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Representatives for Facebook, Twitter and Google are facing the Senate on Tuesday afternoon, as lawmakers grill the general counsels of the three social media firms to ascertain what role Russian interference played in last year's presidential election.
Ahead of Tuesday's hearing, for instance, Facebook revealed that an estimated 126 million Americans saw Russian-backed content on the social media platform during the 2016 campaign.
NBC News spoke with legal and tech experts to find out what legislators should be asking Facebook, Twitter and Google about Russian interference in the election and what to do about it.
Joel Winston, a privacy law expert and former New Jersey deputy state attorney general; Scott Galloway, a professor of marketing at the NYU Stern School of Business; Shelly Palmer, the CEO of the advertising tech consultancy The Palmer Group; and Jonathan Albright, research director of the Tow Center for Digital Journalism, shared their thoughts on top questions lawmakers should ask Facebook, Twitter and Google.
Below are edited and condensed versions of their questions.
1. All the major media companies and newspapers can commit to not being weaponized by Russia: Can your organizations make that promise? Why should you be held to a different standard than any other media company? Will you commit to providing whatever resources are necessary — even if it reduces your profitability — to ensure this will never happen again?
2. If you create original content and serve news to more than 50 percent of Americans and run ads against it, doesn't your media company have a responsibility to put safeguards in place to protect our democracy? Facebook has claimed it is not a media company because it hires more engineers than reporters. Well, the NBA has more tech employees than athletes. Does this mean they’re a tech company?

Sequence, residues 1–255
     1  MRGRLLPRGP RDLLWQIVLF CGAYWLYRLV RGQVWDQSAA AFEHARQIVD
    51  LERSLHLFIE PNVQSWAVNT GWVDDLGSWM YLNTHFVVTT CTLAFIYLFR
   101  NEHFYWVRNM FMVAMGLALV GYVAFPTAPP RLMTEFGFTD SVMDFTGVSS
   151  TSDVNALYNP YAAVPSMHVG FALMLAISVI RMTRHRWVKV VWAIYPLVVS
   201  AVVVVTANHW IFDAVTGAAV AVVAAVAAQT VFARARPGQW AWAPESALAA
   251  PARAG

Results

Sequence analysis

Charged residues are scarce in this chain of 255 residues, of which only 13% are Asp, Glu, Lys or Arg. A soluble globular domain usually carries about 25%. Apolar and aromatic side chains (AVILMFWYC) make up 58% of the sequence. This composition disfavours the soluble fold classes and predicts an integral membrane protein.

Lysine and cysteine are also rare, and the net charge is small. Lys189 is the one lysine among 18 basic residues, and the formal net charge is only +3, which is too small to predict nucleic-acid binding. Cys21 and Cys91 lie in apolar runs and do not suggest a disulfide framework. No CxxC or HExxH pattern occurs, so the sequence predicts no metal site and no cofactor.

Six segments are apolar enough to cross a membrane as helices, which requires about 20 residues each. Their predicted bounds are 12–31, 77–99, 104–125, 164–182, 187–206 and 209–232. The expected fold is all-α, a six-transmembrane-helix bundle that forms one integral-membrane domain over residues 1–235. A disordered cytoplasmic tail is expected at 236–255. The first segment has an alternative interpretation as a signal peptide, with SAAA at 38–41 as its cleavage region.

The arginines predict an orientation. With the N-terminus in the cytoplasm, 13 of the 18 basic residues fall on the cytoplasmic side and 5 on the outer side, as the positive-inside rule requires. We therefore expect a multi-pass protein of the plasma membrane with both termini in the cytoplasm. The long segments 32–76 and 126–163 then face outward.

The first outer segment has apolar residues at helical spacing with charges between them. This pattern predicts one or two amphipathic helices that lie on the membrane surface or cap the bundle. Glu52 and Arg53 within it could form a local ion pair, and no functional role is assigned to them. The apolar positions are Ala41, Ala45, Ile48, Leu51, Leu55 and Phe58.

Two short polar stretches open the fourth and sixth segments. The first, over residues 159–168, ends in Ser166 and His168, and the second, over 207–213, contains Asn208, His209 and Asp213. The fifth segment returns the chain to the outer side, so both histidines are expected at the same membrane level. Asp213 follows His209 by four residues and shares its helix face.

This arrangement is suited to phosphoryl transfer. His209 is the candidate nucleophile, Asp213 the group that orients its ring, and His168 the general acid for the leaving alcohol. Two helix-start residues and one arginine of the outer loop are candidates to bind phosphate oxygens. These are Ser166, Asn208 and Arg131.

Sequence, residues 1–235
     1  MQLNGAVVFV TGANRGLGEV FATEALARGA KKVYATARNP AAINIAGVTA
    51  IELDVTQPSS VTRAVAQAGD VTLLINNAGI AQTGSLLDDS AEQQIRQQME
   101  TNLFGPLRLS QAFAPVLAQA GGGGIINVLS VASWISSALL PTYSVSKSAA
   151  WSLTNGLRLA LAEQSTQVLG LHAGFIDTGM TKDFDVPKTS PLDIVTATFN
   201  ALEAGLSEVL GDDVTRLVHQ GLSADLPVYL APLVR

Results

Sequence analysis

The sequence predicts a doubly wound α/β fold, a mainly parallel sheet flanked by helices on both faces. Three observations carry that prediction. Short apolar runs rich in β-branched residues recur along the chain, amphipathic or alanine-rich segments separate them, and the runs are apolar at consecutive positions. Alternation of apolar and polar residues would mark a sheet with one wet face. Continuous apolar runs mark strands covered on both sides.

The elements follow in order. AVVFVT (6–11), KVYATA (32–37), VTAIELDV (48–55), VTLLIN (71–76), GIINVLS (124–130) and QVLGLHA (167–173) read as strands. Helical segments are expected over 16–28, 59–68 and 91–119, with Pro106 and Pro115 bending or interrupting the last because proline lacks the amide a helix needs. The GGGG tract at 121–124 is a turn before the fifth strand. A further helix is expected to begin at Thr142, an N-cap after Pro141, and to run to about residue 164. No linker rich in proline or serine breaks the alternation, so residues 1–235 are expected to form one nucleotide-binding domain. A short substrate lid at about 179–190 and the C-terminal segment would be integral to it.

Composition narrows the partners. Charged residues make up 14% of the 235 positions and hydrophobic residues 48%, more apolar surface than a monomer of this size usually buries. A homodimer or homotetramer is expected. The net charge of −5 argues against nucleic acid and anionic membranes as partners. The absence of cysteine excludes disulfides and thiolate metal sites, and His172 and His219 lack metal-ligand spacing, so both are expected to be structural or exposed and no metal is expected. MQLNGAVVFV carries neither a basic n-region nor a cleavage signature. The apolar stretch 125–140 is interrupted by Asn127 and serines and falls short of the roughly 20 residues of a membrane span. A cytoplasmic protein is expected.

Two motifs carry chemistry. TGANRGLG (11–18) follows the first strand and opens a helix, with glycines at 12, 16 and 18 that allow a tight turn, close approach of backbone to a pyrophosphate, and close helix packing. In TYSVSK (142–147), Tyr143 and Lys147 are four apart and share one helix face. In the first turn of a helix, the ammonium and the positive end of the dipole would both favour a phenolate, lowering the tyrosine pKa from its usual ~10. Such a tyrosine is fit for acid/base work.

3. You've testified that foreign entities sought to influence the election through the use of your platform. How many users on your platform came into contact with posts, ads or content that originated from foreign entities? What steps has your company taken to notify such users that they were subjected to attempted influence by foreign entities?
4. Google search results are being manipulated and we’re still seeing content from bad actors being served prominently. Why? How is auto-complete being used when people are trying to verify a claim?
5. What information can you share on how Russians used not just Facebook, but Instagram and Facebook Messenger? Why hasn't much been shared about these powerful platforms?
6. Was personally identifiable data of any of your customers used in any way contrary to your terms of service? If yes, by whom and how so? And what steps did your company take in response?
7. Were your advertising tools or technologies used to conduct “voter discouragement” activities? If yes, by whom and how?
8. What specific roles did your employees play in the campaigns' day-to-day social media messaging and advertising activities?
9. What internal investigations have your companies conducted regarding campaign efforts at “voter suppression” during the campaign?
10. Was personally identifiable data of any of your customers used in any way to target voter suppression, voter discouragement, fake news or offline activities? What custom audiences data did the Trump campaign use to target voters on your platform? What was the source of this data and how were the data targets integrated into your platform?